Right now, while the world seems focused on red ribbons and cookies, people are still moving, and homes are trying to be sold. Here, in the North East, it is cold, and the landscape is less than inviting; with no fresh snow to pretty them up, the trees look damaged, crooked and gray. The painted house that looked so appealing in the photographs, is beginning to crack and show signs of age.
Realtors are scrambling to find buyers, and sellers are reluctant to spend more money on a home that they want to leave. But, despite the weather, selling a home in Winter can actually be easier than you may think; the theme has already been given to us, so why not run with it?
The hardest part, without a doubt, is getting a buyer inside the house. Curb appeal is more important than ever at this time of year; if it doesn’t tempt them, they are not going to leave their toasty car for a broken reindeer and a dozen snowy steps.
Often, the easiest way to really see the outside of a home is to take a photograph. At a glance, you’ll be able to see what should be pruned, tidied up, thrown away, and tweaked. (If in doubt about anything, hide it). It should look welcoming, clean and cared for.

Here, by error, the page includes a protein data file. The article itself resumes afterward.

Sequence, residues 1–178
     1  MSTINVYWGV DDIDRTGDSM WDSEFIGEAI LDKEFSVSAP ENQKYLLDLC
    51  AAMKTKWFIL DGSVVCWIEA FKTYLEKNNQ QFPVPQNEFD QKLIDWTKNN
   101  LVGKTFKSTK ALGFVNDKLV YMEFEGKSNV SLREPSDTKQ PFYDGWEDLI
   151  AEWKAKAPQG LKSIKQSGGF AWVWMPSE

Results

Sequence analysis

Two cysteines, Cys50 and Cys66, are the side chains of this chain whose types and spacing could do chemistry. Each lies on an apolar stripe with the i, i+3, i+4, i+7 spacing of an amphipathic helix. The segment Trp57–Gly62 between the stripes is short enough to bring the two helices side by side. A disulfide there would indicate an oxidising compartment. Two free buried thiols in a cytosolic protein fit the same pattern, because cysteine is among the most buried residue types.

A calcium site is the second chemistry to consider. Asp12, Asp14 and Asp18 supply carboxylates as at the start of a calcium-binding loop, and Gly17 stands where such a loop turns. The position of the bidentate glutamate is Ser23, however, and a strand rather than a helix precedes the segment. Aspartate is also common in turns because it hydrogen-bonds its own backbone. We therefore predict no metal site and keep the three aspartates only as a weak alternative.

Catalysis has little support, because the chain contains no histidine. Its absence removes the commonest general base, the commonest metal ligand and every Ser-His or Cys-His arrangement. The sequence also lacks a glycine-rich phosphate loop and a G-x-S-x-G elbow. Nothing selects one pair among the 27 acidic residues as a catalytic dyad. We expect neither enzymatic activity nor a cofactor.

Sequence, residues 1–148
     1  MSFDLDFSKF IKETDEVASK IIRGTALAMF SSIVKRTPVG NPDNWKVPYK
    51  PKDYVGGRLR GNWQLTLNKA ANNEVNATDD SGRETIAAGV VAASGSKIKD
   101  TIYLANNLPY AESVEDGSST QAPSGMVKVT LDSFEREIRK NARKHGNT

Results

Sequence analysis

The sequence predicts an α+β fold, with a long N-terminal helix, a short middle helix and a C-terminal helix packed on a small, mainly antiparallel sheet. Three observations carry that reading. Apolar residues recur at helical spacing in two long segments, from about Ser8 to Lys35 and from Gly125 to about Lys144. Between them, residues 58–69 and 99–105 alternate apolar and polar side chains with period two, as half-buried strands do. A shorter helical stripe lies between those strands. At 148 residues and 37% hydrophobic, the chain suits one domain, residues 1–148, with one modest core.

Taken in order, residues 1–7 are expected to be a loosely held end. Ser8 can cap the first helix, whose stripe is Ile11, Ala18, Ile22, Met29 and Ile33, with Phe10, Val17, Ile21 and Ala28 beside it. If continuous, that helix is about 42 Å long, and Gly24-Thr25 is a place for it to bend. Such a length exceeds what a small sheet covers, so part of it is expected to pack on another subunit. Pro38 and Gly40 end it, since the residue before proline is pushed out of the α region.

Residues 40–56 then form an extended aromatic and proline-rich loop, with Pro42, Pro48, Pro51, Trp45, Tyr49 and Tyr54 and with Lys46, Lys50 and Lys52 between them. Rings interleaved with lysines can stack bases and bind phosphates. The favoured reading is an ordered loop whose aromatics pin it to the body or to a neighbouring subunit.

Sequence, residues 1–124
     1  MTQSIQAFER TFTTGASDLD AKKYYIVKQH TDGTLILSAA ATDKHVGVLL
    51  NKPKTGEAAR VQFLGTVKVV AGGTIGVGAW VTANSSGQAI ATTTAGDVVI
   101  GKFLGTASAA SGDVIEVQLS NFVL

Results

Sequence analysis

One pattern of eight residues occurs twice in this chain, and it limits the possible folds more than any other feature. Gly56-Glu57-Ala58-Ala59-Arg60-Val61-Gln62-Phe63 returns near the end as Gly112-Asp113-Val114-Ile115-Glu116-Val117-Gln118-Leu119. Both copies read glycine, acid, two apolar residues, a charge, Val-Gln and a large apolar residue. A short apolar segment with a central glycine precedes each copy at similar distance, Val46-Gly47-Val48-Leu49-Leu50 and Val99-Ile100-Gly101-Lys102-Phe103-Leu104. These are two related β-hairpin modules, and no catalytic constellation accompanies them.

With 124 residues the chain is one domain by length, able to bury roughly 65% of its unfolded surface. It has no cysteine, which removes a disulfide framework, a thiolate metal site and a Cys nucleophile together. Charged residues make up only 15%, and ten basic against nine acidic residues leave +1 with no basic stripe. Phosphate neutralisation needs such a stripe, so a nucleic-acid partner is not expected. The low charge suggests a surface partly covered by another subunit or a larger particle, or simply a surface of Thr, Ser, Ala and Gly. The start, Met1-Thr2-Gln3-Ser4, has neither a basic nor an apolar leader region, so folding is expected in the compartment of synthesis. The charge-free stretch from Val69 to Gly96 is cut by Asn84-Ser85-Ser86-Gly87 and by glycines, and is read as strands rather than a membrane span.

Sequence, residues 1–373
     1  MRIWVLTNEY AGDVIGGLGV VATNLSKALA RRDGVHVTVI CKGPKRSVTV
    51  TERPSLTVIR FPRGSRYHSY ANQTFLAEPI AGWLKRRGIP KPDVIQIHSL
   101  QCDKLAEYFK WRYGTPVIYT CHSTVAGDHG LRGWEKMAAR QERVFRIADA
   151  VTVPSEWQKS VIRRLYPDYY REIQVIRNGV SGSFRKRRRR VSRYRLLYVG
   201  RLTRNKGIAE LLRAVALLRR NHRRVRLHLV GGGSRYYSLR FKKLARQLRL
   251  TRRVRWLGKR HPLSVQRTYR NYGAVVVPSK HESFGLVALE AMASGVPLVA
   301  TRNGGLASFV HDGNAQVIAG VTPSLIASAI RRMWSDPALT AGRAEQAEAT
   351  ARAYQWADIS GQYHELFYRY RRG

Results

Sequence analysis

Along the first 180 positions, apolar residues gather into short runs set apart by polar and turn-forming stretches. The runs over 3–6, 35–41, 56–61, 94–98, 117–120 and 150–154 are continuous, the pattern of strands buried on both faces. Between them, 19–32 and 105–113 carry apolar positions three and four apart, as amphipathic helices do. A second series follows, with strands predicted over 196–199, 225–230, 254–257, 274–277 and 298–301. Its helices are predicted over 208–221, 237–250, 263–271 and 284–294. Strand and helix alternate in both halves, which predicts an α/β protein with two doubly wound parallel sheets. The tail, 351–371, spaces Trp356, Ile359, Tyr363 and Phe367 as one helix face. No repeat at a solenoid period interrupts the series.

Once inside (you did clear the walkway, right?) make sure it smells good, but not overpowering. Bake an apple pie, or simmer some spices on the stove if you have too. If you’re uncertain, go outside, then walk back in yourself. (Research says that many buyers will not buy a home if it smells unpleasant).
Of course, we all know the basics on how to stage a home, but in Winter, the dining, kitchen and living room become even more important than before; people buying a home often have new dreams of entertaining, so they are looking for large spaces for parties and family dinners. Also, the idea of curling up on a cold night appeals to almost everyone; a comfortable living room, a soft sofa (with a beautiful blanket casually thrown over the back) and a few well-placed books, will lure even the most cynical of buyers.
Like I said, getting buyers through the door is more than half the battle, the rest is a piece of cake (or pie…).
Wendy E. Wrzos http://wendyandthebluegiraffe.blogspot.com/
Photograph borrowed (then tweaked) from http://wakpaper.com